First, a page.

The first attempt to unblock your toilet without a plunger should be ordinary washing up liquid. Pour around half a mug-full into the toilet, dripping it around the bowl so that it forms a ring around the waterline and then criss-crossing the water itself.

Leave for half an hour to dissolve the clog somewhat and then fill your bucket with hot water and pour it into the toilet from about waist height – the force of the water will help to dislodge the blockage.

Leave for a further ten minutes and then flush. With any luck, this will completely remove the blockage. However, even if it doesn’t dissolve whatever it was that clogged the toilet, watch out for the water level dropping. If that happens, repeat the process again with the washing liquid and hot water and you should find that it dislodges the rest of the obstruction.

To ensure the material that has clogged the toilet is completely dispersed, immediately put a mugful of baking soda and two mugfuls of vinegar into the toilet bowl. Let this bubble away for at least thirty minutes to break up any remaining material that is clinging to the sides of the toilet and then flush again.


This toilet clearing measure has a mixed reputation. It seems to depend on the water pressure in your toilet system – so if you have high pressure, this works really well, but if you have low water pressure then it’s often ineffective. Because it’s a low invasive method it’s often a really good one to start with.

Make sure the surface of your toilet is dry, using an old towel. Cover your toilet bowl with three layers of cling film, ensuring that the whole area is covered and you have pressed the cling film firmly down onto the porcelain, to make a good seal. When you flush the toilet, you should find that the cling film will balloon upwards as a result of the pressure of the flush. Push down slowly on the raised clingfilm to reverse the suction and ease the blockage down into the main drain.


There is one level of unpleasantness worse than having a blocked toilet and no plunger, and that’s having a blocked ‘full’ toilet and no plunger. Honestly, this can become a little messy, but it’s often very effective.

You need to begin by putting on those rubber gloves and some old clothes and making sure your newspaper is in place. To make this work you need to bail some of the water out of the toilet, you can do this using a small (and disposable!) container and pour it into the sink or a bucket.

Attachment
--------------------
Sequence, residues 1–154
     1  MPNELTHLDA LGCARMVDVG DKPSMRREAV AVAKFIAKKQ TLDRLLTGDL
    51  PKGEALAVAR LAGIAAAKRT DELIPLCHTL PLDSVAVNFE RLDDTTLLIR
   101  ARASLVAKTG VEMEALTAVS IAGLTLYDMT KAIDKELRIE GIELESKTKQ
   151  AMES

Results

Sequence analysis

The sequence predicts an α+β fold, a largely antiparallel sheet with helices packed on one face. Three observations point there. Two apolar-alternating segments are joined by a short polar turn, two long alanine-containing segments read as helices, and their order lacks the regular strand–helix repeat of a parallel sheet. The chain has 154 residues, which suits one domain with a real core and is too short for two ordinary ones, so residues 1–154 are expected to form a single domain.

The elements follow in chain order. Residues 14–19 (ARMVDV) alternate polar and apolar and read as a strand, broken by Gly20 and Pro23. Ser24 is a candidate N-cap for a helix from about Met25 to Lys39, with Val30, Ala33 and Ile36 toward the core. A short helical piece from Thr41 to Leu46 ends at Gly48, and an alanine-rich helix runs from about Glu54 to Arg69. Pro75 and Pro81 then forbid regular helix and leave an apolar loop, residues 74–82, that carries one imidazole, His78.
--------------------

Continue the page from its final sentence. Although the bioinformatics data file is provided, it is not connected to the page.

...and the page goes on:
When you’ve removed a degree of water so that you can get your hand into the toilet bowl without causing water to slop over the side, take a large plastic bottle and cut the bottom off. Either replace the lid or put your thumb over the top to create a vacuum. If your thumb isn’t big enough to cover the neck completely, use some cling film and an elastic band to create a seal that operates like the lid.

Now push the open end of the bottle into the toilet bowl and plunge it up and down vigorously, ensuring that it remains completely under the water. This creates a vacuum within the pipe that actually sucks the blockage back into the main drain.


Unwind a wire coat hanger until it’s straight. Bend one end back up to form a U shape and use this end to push into the toilet. Push and pull at the obstruction until it begins to break up and flows away down the mains drainage.

While this is one of the easiest ways to unblock a toilet, it’s also one of the systems that often has only partial success. It should be used in conjunction with the washing up liquid system or the plastic bottle system to ensure complete removal of the obstruction rather than just poking a hole in it, which leaves it to re-clog again.

How to stop getting blocked toilets

One of the easiest ways to keep your toilet clean and obstruction-free is to make your own toilet bombs. You’ll need:

  • 300 grams baking soda
  • 70 grams citric acid
  • A spray bottle filled with water
  • Essential oils (optional but they add to the pleasantness)
  • A rubber spatula
  • Old ice cube tray.

Mix the baking soda and citric acid in a glass bowl. If you have sensitive skin, it’s a good idea to wear gloves during this process. Then mist the blended powders once or twice with water, stirring with the spatula until the mixture starts to come together – you need very little water for this, if it starts to fizz then you’ve added too much. Drop in your favourite blend of essential oils: rosemary, peppermint, lemon, and bergamot are all popular for their clean fragrances.

Press the mixture into the ice cube tray with the spatula and leave overnight to dry. Store in a large jar in the bathroom, and drop one or two into the toilet bowl last thing at night to fizz away and clear any potential blockages while you sleep.

If you still can’t unblock the toilet